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Jeffelele
01-27-2015, 05:48 PM
I found this article. None of it is my fault. Here it is exactly as I found it.

Spontaneous Ukulele Combustion

The first reported case of spontaneous ukulele combustion (SUC) happened in 1837 in a small town in Kansas on the, unusually thick, Kansas/Detroit border.

The Sheriff, who may have been called Fred, was summoned to weigh in on the seriousness of the issue and the possibility that it constituted a crime.

Noting that the event took place in a saloon the Sheriff stated, "All I saw was a pile of ash, the so-called witnesses were all drunk, and my name isn't Fred".

To preserve the public order a decision was reached to defer the issue to a later date when the well-known instrumentalist who would someday be named Paul McCartney could weigh in.

Reached for comment some 170 years later McCartney would only say, "I think you must have the wrong McCartney".

Jeff

Jim Hanks
01-27-2015, 05:53 PM
:anyone: know what the heck this is about? :anyone:

DownUpDave
01-27-2015, 11:36 PM
:anyone: know what the heck this is about? :anyone:

Close to midnight when it was posted...............alcohol may have been involved :cheers:

Just another good example of why you should not drink and type.

Down Up Dick
01-28-2015, 04:58 AM
Jeffelele seems to have a lot of time on his hands. :old:

Habanera Hal
01-28-2015, 07:44 AM
Not necessarily. There are quite a few "lost" or "undiscovered" artifacts from that era of American history. To wit:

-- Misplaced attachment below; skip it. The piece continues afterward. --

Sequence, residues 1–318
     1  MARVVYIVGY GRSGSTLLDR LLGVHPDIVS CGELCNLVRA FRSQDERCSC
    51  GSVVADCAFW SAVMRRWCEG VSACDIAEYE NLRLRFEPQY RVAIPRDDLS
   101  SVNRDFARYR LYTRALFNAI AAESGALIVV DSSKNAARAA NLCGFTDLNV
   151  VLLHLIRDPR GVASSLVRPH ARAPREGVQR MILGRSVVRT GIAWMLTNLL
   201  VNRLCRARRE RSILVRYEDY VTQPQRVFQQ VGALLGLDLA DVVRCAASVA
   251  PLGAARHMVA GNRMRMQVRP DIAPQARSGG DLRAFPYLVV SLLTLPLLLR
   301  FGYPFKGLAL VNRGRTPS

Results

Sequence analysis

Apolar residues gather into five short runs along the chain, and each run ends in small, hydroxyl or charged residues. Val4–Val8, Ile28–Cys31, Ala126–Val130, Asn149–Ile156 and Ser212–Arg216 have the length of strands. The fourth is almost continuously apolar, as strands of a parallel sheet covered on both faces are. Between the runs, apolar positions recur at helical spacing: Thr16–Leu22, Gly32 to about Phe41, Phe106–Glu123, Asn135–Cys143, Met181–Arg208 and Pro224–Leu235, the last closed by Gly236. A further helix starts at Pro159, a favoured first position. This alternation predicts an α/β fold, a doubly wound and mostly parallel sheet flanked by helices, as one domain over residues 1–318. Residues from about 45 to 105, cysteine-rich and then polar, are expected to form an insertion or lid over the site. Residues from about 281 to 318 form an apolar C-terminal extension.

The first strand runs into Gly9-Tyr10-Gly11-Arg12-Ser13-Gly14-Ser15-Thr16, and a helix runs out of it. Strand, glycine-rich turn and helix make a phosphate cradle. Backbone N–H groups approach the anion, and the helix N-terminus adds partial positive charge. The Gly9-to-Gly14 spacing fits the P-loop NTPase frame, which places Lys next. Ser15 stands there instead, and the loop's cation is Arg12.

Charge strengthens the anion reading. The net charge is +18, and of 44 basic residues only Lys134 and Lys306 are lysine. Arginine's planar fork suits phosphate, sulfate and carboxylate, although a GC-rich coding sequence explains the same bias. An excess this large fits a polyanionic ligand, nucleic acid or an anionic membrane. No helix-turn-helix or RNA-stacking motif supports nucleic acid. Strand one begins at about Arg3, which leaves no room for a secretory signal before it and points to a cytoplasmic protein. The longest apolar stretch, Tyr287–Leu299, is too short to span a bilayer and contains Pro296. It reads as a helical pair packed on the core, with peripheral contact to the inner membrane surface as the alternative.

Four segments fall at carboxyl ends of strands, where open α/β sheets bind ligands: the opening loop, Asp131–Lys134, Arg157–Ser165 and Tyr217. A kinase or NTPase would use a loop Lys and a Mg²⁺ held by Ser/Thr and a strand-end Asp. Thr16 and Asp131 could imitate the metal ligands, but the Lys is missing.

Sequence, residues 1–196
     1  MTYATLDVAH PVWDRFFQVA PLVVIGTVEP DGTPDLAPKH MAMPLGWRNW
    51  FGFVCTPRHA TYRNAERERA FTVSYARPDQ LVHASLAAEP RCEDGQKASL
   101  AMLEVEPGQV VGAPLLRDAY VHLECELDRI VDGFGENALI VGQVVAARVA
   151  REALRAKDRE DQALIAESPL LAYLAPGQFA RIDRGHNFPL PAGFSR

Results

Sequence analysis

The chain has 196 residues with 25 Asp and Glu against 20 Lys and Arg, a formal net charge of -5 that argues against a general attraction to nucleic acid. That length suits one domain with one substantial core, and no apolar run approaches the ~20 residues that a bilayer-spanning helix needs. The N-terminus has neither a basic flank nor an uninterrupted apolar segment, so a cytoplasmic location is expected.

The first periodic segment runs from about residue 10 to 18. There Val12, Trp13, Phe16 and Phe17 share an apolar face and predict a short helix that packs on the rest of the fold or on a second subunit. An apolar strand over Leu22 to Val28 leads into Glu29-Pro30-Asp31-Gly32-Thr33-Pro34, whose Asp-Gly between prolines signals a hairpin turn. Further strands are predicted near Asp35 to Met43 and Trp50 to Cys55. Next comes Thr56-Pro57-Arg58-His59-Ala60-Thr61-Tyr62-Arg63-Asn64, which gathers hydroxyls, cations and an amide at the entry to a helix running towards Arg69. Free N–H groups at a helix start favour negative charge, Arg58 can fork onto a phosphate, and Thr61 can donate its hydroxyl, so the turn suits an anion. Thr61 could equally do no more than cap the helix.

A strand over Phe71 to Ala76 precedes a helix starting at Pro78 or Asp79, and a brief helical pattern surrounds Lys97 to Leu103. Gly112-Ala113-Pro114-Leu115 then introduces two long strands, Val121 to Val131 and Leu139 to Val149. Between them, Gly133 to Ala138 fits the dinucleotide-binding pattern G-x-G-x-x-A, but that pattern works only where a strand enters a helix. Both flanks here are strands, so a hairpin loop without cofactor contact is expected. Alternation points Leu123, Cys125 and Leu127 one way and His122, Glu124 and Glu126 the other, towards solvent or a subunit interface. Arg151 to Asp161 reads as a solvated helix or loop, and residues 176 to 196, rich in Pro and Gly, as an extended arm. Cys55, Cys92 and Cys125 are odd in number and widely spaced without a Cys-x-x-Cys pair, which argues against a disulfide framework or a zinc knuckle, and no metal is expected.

The Texan
75429

75430

75431

75438
Recently recovered from the basement of the Alamo, this baritone cigar box ukulele was reportedly a previously unknown major element in the historic battle of 1836 at the famous mission in San Antonio. Used by Davy Crockett as a club after all ammunition had been spent, the uke features a 23.5” scale, Gibson-style tuners, .38 caliber fret markers, Ranger star and Alamo-shaped headstock. While lying in his sickbed, Colonel James Bowie fashioned the neck with his famous knife. While Col. Bowie's illness was undiagnosed, many of those under his command said they believe he was feeling “The Blues”.

75432

Irrefutable proof of this previously undiscovered cigar box guitar and its' role at the Battle of the Alamo.
Photo courtesy of I.M. Afraud.

Rllink
01-28-2015, 07:49 AM
I would buy that thing. What a piece of history.

Jeffelele
01-29-2015, 02:29 AM
[QUOTE=DownUpDave;1640946]Close to midnight when it was posted...............alcohol may have been involved

Alcohol was involved in the story. I had no alcohol.

VegasGeorge
01-29-2015, 03:03 AM
A precursor and inspiration for Pete Townshend (The Who) no doubt!

DownUpDave
01-29-2015, 03:58 AM
[QUOTE=DownUpDave;1640946]Close to midnight when it was posted...............alcohol may have been involved

Alcohol was involved in the story. I had no alcohol.

I enjoyed the story and the fun filled posts that followed.

You do have one of the coolest user names on the site

Jeffelele
01-30-2015, 06:23 PM
Who would have thunk it? Our humble little instrument turning up in such bizarre and historic ways.

Would you believe that right now as I make this comment I am investigating yet another strange tale of the ukulele?

!

Jeff